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The Lost Art of the Album

December 4, 2010

The more and more I look at it, it’s hard to avoid the conclusion that we’re proving rather inept in the transition from LP to CD, despite its invention 28 years ago. I’m not a huge listener of music made in the last two decades, yet what I have been noticing is the tendency for bands to create albums that are longer (not to mention louder and for those of you into the “Loudness War” business), particularly amongst older rock bands – Metallica, Guns N’ Roses, AC/DC, but it seems to be a rather constant thing.

Having 60 minute records isn’t necessarily a bad thing – time itself is no reasonable judge of a record’s quality. But it’s no small coincidence that some of the better records of the CD era, of roughly 1987-onwards, have generally been less than an hour in length. Look at Appetite for Destruction, Nevermind, OK Computer – indeed all of Radiohead’s albums run for around 50 minutes, and they’re all the better for it.

The issue with longer albums is that they tend to be more sporadic than shorter, tighter creations. Taking Death Magnetic as an example – a solid, 74 minute-long album. Pretty well reviewed too – four stars on average. All the tracks are strong. There’s no bad song on the album, but for a nine track album, all of its songs are just too long. It loses cohesiveness. It becomes tedious to listen to, it lacks any overarching theme and becomes purely a collection of songs. Similarly, take AC/DC’s Black Ice – a solid return to form, yet there is no way that their fifteen songs could ever be more than a sporadic effort. Simply put, it is very hard to create a long album that is full of amazing songs, so why try to? The strongest albums, such as your Beatles, Band and Pink Floyd, all utilised the constricted space of an LP to their advantage, by crafting a set of thematically unified and carefully constructed songs. In many cases, it’s better to have ten good songs rather than eight good ones and five filler tracks.

Of course, going back to LP days, most bands had the obligatory double album – The White Album, Physical Graffiti, Exile on Main St, London Calling, Goodbye Yellow Brick Road, The Wall – mostly seen as fluctuating and more experimental records, or contrastingly united by concept. Yet this was exactly why such long records, often 70-90 minutes length, remain so revered. Sure they were crazy, long and ridiculous, but that was the entire point. Their experimental and wide-reaching nature allowed them to draw upon many influences and create truly unique music, or alternatively create an overarching story or concept – they were anything but a collection of songs. Paradoxically, these bombastic records are seen as the epitome of the band’s collective work, its chaotic nature ironically providing structure.

The line between single albums and double albums has been blurred ever since the popularisation of the compact disc. More and more, longer albums became increasingly common. Guns N’ Roses’ Use Your Illusions are an unfortunate example of this. I’ve frequently expressed my frustration at their poor decision to simply release thirty songs across two separate CDs, effectively two “double albums”, instead of release one double album (two CDs) consolidating the stronger tracks, creating an undeniably solid work showcasing their increasing instrumental and song-writing ability, and either chucking out the other half (there was considerable filler) or saving them for a future release.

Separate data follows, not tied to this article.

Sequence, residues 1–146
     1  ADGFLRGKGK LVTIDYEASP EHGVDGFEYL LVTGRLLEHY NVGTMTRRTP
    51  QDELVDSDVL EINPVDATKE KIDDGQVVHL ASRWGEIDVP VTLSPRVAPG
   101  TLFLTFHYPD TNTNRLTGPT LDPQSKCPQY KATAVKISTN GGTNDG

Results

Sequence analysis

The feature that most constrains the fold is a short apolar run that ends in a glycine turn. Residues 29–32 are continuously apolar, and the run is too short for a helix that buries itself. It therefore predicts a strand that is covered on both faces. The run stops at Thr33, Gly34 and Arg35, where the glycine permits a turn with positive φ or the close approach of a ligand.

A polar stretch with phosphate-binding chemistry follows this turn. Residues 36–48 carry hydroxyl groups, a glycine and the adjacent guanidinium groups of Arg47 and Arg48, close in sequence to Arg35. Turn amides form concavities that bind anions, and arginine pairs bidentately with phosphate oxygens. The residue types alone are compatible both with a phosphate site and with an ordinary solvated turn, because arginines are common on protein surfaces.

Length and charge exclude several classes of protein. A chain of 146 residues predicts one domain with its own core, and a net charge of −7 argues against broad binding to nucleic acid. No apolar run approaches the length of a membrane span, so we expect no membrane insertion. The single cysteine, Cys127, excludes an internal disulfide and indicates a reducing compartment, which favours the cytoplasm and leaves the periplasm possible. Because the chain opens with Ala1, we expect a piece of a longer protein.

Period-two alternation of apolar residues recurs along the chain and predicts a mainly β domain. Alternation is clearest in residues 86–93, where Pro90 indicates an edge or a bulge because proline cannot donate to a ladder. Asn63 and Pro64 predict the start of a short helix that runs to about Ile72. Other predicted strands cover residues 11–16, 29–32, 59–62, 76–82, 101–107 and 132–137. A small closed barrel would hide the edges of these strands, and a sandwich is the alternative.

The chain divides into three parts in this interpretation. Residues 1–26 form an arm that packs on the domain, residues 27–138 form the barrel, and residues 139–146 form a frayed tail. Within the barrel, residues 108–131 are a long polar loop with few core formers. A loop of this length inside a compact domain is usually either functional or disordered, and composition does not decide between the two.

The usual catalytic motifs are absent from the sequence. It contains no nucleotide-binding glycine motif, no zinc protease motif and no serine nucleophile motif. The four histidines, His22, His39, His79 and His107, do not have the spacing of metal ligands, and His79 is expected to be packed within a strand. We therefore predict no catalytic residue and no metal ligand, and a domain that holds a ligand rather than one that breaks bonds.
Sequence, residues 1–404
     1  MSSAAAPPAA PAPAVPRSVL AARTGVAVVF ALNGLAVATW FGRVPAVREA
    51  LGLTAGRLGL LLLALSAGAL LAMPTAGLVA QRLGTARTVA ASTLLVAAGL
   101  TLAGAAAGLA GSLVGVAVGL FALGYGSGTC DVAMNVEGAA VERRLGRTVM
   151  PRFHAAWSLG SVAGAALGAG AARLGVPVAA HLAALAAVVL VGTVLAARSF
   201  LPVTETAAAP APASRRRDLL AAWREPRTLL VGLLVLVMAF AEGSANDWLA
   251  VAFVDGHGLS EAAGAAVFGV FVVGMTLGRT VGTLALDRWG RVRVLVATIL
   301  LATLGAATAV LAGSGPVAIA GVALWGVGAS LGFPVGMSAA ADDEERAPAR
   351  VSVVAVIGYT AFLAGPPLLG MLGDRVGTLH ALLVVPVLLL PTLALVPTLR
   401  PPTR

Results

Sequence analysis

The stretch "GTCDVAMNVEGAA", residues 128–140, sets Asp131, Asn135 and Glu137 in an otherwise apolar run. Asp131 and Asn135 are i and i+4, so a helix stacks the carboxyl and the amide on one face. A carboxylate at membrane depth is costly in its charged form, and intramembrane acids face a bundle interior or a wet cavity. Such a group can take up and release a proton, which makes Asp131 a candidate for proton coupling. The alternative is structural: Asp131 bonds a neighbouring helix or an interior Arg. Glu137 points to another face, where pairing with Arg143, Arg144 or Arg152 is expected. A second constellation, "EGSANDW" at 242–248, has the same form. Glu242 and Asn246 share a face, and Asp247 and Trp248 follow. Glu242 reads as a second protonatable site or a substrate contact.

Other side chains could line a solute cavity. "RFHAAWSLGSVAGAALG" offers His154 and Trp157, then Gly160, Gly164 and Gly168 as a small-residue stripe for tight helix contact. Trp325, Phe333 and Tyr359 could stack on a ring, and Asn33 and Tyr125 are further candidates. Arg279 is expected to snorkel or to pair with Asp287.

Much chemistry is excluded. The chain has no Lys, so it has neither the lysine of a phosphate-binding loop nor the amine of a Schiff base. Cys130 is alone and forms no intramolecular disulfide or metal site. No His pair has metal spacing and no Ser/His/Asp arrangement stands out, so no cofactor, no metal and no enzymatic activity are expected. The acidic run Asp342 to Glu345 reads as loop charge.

This isn’t to say that better albums were made before CDs were introduced, although I certainly would argue that, but the issue of length is one that needs to be highlighted and for all recording artists to realise. 75 minute long single albums are often lacking in direction, almost always lacking in consistency, and ultimately disorienting for the listener. Whether it involves higher quality and less quantity, or simply being more selective with the album construction process, to avoid mediocrity it remains an imperative to strongly consider the utility of the album as more than a simple collection of songs.


From → Music

  1. Horatio Hufnagel permalink

    Amnesiac wasn’t really an ‘album.’

    Also, I quite like how Kanye West’s new album is more of an ‘album’ than most other things released this year.

    • Yeah Amnesiac was a bit of a left-overs album but it was still pretty solid, and I liked it almost as much as Kid A – they both have their strengths and weaknesses, just because they’re such experimental works.

      I’ve been meaning to listen to it, I really have, everyone keeps mentioning it and my metalhead brother loves it as well which is quite surprising.

      Plus it samples 21st Century Schizoid Man. Amazing.

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